Dougco sheriff anticipates ‘conflict’ between Colo gun laws, 2nd Amendment


Douglas County Sheriff David Weaver (Photo:

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DENVER — Sheriff David A. Weaver wrote an open letter Friday criticizing the gun control laws passed by the Colorado legislature last month and said he expects the state laws will conflict with the 2nd Amendment right to bear arms.

“As Sheriff, I am sworn to enforce the laws of the State of Colorado, but I am also sworn to uphold the U.S. and State Constitutions,” Weaver wrote. “When these two duties conflict, as I anticipate they will over the coming months, I will exercise the discretion that you, as the citizens of Douglas County, have granted me, to the best of my ability.”

Weaver, a Republican, said the gun control bills, passed by the legislature and signed by Gov. John Hickenlooper, “will not prevent another massacre in a theater nor another mass murder in a school.”

The laws become effective July 1 and include a 15 round limit for magazines, background checks for all private gun purchases and impose fees for CBI background checks.

“Tighter gun laws will not prevent criminals from getting guns. The laws will only make it harder for law-abiding citizens to defend themselves,” Weaver wrote.

The letter seemed to walk the line between voicing opposition to the laws, perhaps even voicing a desire to not to enforce them, without outright declaring the laws will be ignored.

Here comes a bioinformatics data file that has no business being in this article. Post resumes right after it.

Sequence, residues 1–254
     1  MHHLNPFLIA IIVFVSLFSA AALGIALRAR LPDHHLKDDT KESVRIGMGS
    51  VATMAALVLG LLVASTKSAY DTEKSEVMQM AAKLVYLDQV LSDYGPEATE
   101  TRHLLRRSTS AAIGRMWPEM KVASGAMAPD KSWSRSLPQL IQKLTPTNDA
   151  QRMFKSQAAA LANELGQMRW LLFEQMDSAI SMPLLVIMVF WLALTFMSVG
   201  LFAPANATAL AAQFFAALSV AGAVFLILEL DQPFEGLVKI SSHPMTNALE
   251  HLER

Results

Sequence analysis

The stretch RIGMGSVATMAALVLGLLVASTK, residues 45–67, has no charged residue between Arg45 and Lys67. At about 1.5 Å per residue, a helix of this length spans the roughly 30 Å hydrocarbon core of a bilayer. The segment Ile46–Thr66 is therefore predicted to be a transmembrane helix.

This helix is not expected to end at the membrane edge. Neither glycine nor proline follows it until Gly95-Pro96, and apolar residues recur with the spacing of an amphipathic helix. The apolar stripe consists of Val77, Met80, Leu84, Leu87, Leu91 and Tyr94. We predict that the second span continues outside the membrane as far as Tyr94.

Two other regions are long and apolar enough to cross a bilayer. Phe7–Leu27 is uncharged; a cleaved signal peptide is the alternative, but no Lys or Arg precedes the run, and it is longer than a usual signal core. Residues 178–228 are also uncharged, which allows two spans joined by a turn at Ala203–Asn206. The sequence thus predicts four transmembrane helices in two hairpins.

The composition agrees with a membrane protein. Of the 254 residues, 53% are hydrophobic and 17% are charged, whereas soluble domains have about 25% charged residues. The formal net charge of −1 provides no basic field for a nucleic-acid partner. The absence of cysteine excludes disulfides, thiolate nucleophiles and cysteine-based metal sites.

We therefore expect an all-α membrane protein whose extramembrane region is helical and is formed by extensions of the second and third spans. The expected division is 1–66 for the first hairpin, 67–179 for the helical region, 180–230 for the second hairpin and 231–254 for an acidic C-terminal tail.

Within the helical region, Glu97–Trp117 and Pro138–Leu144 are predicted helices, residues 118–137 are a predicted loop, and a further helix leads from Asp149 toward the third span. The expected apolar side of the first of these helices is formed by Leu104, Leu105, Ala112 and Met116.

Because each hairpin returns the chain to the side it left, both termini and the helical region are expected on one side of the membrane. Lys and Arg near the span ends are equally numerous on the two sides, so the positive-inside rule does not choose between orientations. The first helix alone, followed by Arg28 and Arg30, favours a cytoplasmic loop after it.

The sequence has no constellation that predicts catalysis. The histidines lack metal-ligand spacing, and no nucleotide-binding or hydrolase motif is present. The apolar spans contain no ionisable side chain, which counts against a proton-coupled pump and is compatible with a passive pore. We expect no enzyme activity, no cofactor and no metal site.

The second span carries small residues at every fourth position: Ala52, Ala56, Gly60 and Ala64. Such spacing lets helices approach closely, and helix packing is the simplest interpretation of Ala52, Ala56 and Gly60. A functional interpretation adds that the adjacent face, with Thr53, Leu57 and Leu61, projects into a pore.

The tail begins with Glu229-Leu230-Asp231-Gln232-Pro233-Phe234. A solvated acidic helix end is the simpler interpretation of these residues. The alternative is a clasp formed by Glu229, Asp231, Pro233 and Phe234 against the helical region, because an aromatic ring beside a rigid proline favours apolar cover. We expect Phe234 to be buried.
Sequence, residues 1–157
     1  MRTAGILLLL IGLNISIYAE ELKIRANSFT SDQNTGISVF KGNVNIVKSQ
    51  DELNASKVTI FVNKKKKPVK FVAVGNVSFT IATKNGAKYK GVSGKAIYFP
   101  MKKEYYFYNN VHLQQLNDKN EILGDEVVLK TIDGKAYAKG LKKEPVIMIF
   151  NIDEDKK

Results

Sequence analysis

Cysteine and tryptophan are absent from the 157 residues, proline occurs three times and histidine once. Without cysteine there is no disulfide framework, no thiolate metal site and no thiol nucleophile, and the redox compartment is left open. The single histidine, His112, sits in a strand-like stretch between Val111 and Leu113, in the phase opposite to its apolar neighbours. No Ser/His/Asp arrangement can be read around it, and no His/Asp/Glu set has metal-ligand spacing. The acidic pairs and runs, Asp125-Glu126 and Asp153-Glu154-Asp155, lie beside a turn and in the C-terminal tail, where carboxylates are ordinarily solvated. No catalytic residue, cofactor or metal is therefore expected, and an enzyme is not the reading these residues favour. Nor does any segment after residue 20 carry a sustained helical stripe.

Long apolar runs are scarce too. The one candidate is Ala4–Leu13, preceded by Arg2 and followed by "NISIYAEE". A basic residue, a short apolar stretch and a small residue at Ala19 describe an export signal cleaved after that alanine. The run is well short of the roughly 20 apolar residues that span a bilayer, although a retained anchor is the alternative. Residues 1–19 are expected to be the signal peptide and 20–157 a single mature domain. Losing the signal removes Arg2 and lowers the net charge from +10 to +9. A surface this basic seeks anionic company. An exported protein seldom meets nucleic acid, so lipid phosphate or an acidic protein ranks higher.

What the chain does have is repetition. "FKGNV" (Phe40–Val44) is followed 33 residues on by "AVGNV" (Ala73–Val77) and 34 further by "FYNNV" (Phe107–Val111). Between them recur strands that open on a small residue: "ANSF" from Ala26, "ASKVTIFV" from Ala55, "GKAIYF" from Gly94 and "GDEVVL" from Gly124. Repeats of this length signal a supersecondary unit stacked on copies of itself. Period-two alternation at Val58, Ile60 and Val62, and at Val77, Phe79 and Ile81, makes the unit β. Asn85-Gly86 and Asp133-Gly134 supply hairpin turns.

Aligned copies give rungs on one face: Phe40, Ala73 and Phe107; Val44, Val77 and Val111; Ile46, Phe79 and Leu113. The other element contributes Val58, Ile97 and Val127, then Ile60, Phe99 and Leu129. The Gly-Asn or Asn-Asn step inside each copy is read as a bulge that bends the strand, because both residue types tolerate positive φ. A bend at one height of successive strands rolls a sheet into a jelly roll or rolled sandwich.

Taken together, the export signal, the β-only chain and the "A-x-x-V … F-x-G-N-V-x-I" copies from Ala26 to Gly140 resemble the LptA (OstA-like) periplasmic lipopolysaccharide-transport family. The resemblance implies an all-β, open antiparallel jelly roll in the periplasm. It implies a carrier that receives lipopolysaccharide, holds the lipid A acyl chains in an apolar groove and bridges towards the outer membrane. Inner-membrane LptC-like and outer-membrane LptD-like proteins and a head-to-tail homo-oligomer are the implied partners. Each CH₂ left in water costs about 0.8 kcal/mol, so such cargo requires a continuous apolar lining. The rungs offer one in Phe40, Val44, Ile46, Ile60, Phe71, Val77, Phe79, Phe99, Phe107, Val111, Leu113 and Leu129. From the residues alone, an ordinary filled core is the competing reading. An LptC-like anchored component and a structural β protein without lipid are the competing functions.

“I will not disregard the new laws,” Weaver wrote, “but neither do I see myself ordering gun magazine round ups.”

Weaver is one of many Republican county sheriffs who have publically voiced opposition to the new gun laws.

Thursday, hours before President Barack Obama spoke at the Denver Police Academy praising Colorado’s laws as a model for the nation, 16 county sheriffs gathered for a “pre-buttal” rally.

Larimer County Sheriff Justin Smith said Colorado Democrats were exploiting the tragedies at Sandy Hook Elementary School in Connecticut and the Aurora Theater shooting.

Sheriffs are elected in Colorado and letters such as Weavers will certainly play a role in their reelection campaigns.

Republicans have argued voters will punish Hickenlooper and Democrats for the news laws in next year’s elections.

Hickenlooper, who is seeking reelection next year and doesn’t yet have a declared opponent, still looks like a safe bet for reelection; but Sen. Greg Brophy, R-Wray, perhaps the most passionate defender of gun rights at the Capitol and already listed among possible GOP gubernatorial candidates, may have found his reason to run.

“Two months ago, I was starting to look for work,” Brophy told FOX31 Denver last month. “Now, I know what I’m doing.”

The Colorado Association of Police Chiefs however supports one of the new laws, including a ban on high-capacity magazines over 15 rounds and universal background checks for gun owners.

Broomfield Police Chief Thomas Deland, president of the association, has said the group supports the expansion of background checks because even though it won’t stop all illegal gun sales, it will stop the “many people who easily can possess a weapon who should not be allowed to do so.”

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